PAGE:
Illegal, unreported, and unregulated fishing, otherwise known as ‘IUU fishing’, is a major threat to our oceans. It depletes fish populations, damages marine ecosystems, and puts the people that catch and eat seafood at risk. Additionally, IUU fishing costs the global economy $26 billion to $50 billion every year, jeopardizing the livelihoods of fishers and fishing communities around the world.
But what really is IUU fishing?
The concept of IUU fishing can be complicated with many different illicit activities combined under one umbrella. Various governments, organizations, and management bodies can also have their own definitions of IUU fishing, which only adds to the confusion. However, the definition from the Food and Agriculture Organization of the United Nations is commonly accepted. To help shed light on the I, the U, and the final U of IUU fishing, this post defines each type of illicit fishing activity and their individual impacts on the health of our oceans.
Illegal fishing is any fishing activity that ignores regulations or violates laws. Violations can include fishing without a permit, catching protected species, ignoring catch limits, using prohibited fishing gear, fishing in closed areas, and more. The destruction from these activities on our oceans extends beyond fisheries – illegal fishing also threatens marine wildlife, coral reefs and other vital habitat, and steals fish from legal fishers.
Unreported fishing is when fishing vessel operators misreport or fail to report their fishing activity and catch to relevant authorities. Most commonly, misreporting information involves purposefully hiding the number, size, or type of seafood caught. Unreported fishing complicates fishery management by making it harder to determine how much fish was actually caught in a given year, which is often used to determine how much catch is allowed in future years. Inaccurate and untruthful information can lead authorities to overestimate the fish populations and allow too many fish to be caught. As a result, unreported and misreported catch play major roles in the decline of fisheries.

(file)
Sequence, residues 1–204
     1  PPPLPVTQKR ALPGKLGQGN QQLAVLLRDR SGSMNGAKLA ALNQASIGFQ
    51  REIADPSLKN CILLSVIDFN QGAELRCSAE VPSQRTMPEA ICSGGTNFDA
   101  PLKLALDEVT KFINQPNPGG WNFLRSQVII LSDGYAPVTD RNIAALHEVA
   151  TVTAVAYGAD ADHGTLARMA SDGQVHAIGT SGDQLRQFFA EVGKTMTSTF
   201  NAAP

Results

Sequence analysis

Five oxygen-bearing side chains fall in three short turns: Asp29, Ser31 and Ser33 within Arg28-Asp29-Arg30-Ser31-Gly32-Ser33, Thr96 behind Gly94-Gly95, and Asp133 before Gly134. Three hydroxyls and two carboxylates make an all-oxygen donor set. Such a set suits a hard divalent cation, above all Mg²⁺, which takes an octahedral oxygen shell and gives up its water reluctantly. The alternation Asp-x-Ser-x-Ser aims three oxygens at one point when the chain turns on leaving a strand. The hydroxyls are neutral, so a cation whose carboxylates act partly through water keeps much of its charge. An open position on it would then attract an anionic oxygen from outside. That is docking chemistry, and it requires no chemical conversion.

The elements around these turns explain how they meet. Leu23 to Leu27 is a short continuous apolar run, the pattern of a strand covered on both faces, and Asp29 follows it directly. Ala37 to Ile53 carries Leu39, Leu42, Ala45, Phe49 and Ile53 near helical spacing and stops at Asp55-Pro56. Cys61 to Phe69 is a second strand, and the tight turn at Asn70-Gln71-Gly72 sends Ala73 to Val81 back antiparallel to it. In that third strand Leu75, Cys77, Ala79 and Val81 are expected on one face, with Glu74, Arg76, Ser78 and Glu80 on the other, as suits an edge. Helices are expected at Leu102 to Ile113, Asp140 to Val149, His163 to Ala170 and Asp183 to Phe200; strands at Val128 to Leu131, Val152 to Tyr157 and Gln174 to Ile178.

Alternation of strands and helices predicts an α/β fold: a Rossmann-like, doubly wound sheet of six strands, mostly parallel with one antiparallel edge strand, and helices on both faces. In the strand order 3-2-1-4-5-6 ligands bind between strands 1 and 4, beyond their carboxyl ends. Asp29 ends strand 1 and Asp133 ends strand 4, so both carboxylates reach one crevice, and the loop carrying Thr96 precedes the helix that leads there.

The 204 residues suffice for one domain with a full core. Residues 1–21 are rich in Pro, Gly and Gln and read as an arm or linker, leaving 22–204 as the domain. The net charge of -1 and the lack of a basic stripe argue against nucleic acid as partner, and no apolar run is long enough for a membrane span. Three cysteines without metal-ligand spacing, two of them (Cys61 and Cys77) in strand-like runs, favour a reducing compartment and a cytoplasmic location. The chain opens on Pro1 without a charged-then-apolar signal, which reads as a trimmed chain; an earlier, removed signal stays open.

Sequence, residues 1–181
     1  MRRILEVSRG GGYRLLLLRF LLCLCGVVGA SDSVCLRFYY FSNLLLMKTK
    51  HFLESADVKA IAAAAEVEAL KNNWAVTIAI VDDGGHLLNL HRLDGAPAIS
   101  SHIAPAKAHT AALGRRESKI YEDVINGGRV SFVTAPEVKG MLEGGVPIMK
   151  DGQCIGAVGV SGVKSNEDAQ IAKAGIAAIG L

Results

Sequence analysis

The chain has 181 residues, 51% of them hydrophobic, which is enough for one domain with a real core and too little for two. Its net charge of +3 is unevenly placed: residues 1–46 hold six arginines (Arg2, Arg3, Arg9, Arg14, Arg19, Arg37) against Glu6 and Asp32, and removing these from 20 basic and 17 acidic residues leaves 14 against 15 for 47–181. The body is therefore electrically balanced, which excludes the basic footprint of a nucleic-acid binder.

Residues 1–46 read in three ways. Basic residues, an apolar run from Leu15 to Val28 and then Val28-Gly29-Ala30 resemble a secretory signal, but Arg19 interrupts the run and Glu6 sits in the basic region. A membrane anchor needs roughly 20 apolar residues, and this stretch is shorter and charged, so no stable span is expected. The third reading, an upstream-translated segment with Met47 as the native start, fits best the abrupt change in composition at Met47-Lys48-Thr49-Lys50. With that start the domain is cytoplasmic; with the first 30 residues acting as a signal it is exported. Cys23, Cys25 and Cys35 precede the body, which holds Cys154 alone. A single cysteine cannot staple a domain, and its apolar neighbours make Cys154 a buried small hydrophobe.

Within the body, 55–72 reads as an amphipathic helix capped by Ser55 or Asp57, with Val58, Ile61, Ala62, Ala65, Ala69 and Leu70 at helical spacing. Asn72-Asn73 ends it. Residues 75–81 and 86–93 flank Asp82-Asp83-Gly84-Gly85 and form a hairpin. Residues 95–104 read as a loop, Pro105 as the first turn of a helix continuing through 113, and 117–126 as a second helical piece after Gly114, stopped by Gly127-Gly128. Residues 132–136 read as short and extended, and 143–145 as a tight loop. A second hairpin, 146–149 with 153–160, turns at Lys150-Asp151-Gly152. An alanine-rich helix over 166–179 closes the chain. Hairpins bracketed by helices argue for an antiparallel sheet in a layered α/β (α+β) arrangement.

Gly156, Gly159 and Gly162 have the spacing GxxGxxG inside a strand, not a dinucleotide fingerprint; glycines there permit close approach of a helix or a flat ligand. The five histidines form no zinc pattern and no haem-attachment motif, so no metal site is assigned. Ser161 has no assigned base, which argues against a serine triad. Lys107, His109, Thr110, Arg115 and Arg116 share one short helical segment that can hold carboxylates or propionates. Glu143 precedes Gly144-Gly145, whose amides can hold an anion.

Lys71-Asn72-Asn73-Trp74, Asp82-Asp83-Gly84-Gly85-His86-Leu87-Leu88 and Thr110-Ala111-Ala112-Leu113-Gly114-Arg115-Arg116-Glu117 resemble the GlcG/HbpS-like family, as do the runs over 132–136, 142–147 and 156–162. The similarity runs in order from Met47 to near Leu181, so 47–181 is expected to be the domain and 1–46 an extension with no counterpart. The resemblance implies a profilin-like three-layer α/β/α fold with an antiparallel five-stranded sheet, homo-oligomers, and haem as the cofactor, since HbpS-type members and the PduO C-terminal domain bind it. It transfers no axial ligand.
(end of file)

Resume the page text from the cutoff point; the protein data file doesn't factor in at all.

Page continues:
Unregulated fishing includes fishing for unmanaged species and fishing in unmanaged areas across the world. Unregulated activity often occurs on the high seas, or parts of the ocean that lie further than 200 miles beyond countries’ coastlines. These areas are largely lawless, with only small portions having any sort of regulations or management measures in place. The unregulated nature of the high seas encourages vessels to fish as they please, with no catch limits or quotas and with whatever destructive gear they choose, enabling the capture of devastatingly high numbers of fish. This practice threatens the sustainability and well-being of fish populations.
Expanded Definition of IUU Fishing
The National Oceanic and Atmospheric Administration (NOAA) has proposed a rule to expand the definition of IUU fishing to recognize the link between IUU fishing and forced labor. This is a huge opportunity for the United States, as the world’s largest seafood importing country, to take a stand. It is currently illegal to import products produced using forced labor. By expanding the definition, it ensures that the United States can take strong action against other countries engaged in IUU fishing – and ignoring human rights abuses in their fleets – which the current definition limits the agency’s abilities to do. But NOAA is still limiting the definition in other areas. That’s why we need your help.
Urge NOAA to create a strong rule that addresses IUU fishing and puts an end to forced labor in the seafood sector: https://act.oceana.org/page/111983/petition/1